From New York City
A guy on the 1 train uptown at 5:30 p.m. motioned me that I had something on my face. I checked my reflection in the subway car window, and I had a huge schmear of flour across my cheek. I was also smiling.
The schmear and the smile pretty much sum up my day.
It began in the polar opposite way most of my days begin: standing in the dark on the loading dock of a restaurant in lower Manhattan, with a pastry assistant and a chain-smoking line cook, trying to figure out how to get inside.
We were all supposed to start work at 6 a.m., but there we were, locked out. Neither employee had a key, and I, of course, was of no help at all. Apparently there had been some sort of crossed signal; Monday is the only night that Bubby’s actually closes (the other days are 24 hours), so Tuesday morning is the only day someone has to open the place. And I guess no one was really sure who that someone was supposed to be. Neither Leslie, the pastry assistant, nor Joanie, the line cook, relished waking up Ron, the owner. But sooner or later, someone did, and he walked over, and pulled open a side window. (I still don’t quite get why he didn’t just unlock the door. But I didn’t think to ask at that hour.) Joanie climbed in the side window and let us all in.
That surreal beginning behind us, we tied on our aprons and got going. I cracked a couple dozen eggs for Leslie as she made massive bowls of pancake batter, and watched her haul apple turnovers, made yesterday and frozen overnight, from the freezer and pop them into the oven. Florentino, another pastry assistant, was making balls of scone dough, spiked with golden raisins and showered with handfuls of sugar, and proofing yeast for the dough that would later be baked into hamburger buns. I helped Leslie as she made sure that the plates of cookies, muffins, breakfast pastries and cupcakes that greet customers as they enter the restaurant were full and appealing under their glass domes.
As we were doing all that on the pastry side of the kitchen, the prep folks were hauling out big tubs of produce and slicing huge piles of meats for the line upstairs. Reggaeton and Spanish-language talk radio blasted from the radio.
Ricardo, the main pie guy after 18 years at Bubby’s, and a guy Ron had described to me as a “maniac,” showed up around 8 in billowing, wildly colored pants, a yellow baseball cap and a chef’s jacket. This was the man I was supposed to shadow. A guy with shitloads to do and not enough time to do it in, who didn’t ask to have some untrained woman from somewhere else come clutter up his day. I had an unsettling feeling that he might swipe me away like a fly. But Ricardo turned out to be not only a gentleman but a prince, allowing me to follow him around, offering a running narrative of what he was doing, and calmly risking major fuckups by letting me do stuff like roll out pastry and close up the pies with that classic little pinch pattern. I worship this guy already, and couldn’t be happier that I brought him a box of homemade fudgy brownies for a thanks-in-advance gift.
By late morning, I got my first assignment: coring and peeling apples. This is what I dread about making apple pies. But he handed me an apple-peeler/corer and showed me how to turn its suction lever so it sticks to the metal countertop. One quick run-through about how you have to center the apple on the spike and start turning the handle, with increasing speed toward the end, and I was alone with two huge boxes of apples. I mangled my share; but to my delight, within 10 or 15 minutes I was peeling and coring the hell outta those babies at amazing speed. Gotta get me one of those! It took me longer, however, to figure out how to keep my left hand out of the teeny peeler blade (ouch) and my right one out of the oiled shaft that drives the corer. I kept getting black grease on my hands and wondering why some places on the apples had a grayish cast. DAMN. But I got that under control pretty quickly. The 150-odd apples I peeled ended up in Mile High Apple Pie and Apple Whiskey Lattice Top Pie. More on those later.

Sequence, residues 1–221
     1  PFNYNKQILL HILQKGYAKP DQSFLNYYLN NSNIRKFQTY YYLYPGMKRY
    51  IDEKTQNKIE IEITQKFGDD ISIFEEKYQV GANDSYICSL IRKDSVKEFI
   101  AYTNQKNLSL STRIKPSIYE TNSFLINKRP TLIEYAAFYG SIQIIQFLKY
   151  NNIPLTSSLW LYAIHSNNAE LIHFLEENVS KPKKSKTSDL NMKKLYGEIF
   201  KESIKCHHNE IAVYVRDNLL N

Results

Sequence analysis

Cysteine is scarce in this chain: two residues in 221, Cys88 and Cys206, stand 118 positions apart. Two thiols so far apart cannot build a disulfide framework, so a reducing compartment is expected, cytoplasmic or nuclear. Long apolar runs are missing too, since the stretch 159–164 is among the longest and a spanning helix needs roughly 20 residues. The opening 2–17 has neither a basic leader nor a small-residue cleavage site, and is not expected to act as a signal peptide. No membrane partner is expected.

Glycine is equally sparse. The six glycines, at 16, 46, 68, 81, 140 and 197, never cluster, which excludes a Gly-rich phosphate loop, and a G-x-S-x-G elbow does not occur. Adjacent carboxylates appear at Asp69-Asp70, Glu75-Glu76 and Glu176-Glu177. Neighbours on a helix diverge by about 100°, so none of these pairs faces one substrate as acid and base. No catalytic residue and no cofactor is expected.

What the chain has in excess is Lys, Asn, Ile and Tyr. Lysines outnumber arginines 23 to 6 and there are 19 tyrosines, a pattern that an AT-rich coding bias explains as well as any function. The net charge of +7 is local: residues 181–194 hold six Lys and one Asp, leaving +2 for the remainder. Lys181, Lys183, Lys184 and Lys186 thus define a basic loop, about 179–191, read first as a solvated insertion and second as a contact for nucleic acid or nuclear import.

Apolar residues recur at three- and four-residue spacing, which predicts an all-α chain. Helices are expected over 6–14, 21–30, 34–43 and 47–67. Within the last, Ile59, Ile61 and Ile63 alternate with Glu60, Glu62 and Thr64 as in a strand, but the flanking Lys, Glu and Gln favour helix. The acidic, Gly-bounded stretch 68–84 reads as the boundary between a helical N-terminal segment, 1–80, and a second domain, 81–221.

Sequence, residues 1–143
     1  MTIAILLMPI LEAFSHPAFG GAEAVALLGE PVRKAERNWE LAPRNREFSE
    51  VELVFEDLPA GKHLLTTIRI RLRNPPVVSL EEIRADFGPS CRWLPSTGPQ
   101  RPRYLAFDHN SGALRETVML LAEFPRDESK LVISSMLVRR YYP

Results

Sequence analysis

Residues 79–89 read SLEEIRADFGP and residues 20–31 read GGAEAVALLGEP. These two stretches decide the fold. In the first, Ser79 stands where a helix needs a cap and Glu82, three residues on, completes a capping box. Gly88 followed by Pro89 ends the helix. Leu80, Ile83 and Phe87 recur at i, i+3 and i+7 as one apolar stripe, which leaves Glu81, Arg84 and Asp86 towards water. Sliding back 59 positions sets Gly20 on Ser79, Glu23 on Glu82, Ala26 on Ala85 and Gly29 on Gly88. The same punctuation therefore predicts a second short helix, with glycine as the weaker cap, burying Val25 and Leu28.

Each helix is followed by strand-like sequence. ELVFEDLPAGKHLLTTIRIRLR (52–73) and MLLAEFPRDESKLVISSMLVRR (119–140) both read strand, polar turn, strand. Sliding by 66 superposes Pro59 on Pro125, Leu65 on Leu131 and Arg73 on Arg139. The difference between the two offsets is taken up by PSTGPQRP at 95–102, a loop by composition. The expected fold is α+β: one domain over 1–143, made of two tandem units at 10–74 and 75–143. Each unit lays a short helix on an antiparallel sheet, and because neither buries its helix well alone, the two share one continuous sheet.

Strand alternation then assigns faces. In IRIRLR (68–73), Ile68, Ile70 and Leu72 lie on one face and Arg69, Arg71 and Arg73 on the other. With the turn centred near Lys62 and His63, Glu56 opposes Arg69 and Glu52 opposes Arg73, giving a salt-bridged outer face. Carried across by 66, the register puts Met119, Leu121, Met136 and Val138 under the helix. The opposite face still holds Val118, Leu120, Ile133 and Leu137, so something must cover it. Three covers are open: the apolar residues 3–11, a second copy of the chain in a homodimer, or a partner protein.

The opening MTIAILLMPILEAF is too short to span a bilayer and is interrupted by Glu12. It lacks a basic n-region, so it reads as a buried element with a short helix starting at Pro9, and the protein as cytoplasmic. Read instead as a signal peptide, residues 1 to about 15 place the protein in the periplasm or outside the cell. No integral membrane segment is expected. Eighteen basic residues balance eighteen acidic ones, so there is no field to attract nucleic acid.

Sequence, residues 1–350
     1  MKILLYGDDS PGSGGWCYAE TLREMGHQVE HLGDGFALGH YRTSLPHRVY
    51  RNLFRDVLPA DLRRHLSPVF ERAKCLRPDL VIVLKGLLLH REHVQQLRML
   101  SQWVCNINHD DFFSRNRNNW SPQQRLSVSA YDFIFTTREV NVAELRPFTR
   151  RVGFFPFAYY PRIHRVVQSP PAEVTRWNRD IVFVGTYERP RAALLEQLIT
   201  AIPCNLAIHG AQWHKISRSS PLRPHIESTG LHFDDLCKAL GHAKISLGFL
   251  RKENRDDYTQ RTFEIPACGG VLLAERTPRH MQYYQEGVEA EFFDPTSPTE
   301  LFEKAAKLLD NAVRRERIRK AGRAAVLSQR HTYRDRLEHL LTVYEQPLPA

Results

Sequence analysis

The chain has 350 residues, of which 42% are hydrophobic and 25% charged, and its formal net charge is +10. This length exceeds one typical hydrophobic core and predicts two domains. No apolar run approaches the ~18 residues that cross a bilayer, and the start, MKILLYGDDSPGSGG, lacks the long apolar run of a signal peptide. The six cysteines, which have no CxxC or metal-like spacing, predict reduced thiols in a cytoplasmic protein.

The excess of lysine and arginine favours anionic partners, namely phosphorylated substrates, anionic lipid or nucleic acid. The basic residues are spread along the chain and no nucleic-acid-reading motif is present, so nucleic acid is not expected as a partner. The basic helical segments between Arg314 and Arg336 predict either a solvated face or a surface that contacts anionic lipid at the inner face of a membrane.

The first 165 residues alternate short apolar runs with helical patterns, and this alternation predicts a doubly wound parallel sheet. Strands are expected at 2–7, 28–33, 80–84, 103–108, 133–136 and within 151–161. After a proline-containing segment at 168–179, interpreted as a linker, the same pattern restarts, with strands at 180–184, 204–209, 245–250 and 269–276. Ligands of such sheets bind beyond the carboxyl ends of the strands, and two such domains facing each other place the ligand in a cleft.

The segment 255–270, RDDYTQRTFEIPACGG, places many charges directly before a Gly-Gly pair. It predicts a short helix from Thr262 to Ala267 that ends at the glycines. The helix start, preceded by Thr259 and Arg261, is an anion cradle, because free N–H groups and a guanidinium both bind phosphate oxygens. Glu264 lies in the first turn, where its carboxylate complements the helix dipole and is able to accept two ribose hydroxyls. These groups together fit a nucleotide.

Individual chicken pot pies caused a bit of a ruckus, since it seemed that they were suddenly plopped onto the menu today without a ton of warning. Why else would Ricardo have to go out and buy the little tins to make them in? The line upstairs wanted them at 11:15, but it soon became clear that was not gonna happen. The prep team barely got the filling done by 11, and it had to cool in the walk-in fridge for a bit. Besides, Leslie, who finished pastry school eight months ago and has been at Bubby’s just three weeks, was still getting the hang of the little bottom crusts, trying to get them to hang over the edges enough to fold nicely into the top crusts once the pies were filled. Finally, though, the pot pies slid into the big ovens, just as a third call, in Spanish, was blaring over the phone from upstairs asking, politely but insistently, when they would be done. They ended up making their dining room debut closer to noon.
By this time, the radio had gone silent, replaced with a louder buzz of more bodies doing more work, more quickly, and under greater pressure, than earlier. Melding into that mix were the hissing sound of the dishwasher’s spray hose, the clang of massive bowls being stacked and unstacked, the thin conk of knives chopping, and the thuds of hands banging balls of pie dough into little disks to be rolled out. It was the culinary equivalent of driving in morning traffic with your windows down.
As Leslie prepared a new batch of apple turnover filling, I watched Ricardo roll out and blind-bake six bottom crusts (cool: you take the chilled pie crust, spray the back of a lightweight aluminum pie tin with PAM, set the tin inside the crust, fill the tin with black beans, and voila, you’ve got a nice little pie weight mechanism). While those were baking, he assembled pumpkin pie filling in the Massive Bowls (I know, I can’t get past the bowl thing yet. These are huge enough for me to sit in cross-legged.). Crusts come out, filling is poured into them, and they go back in.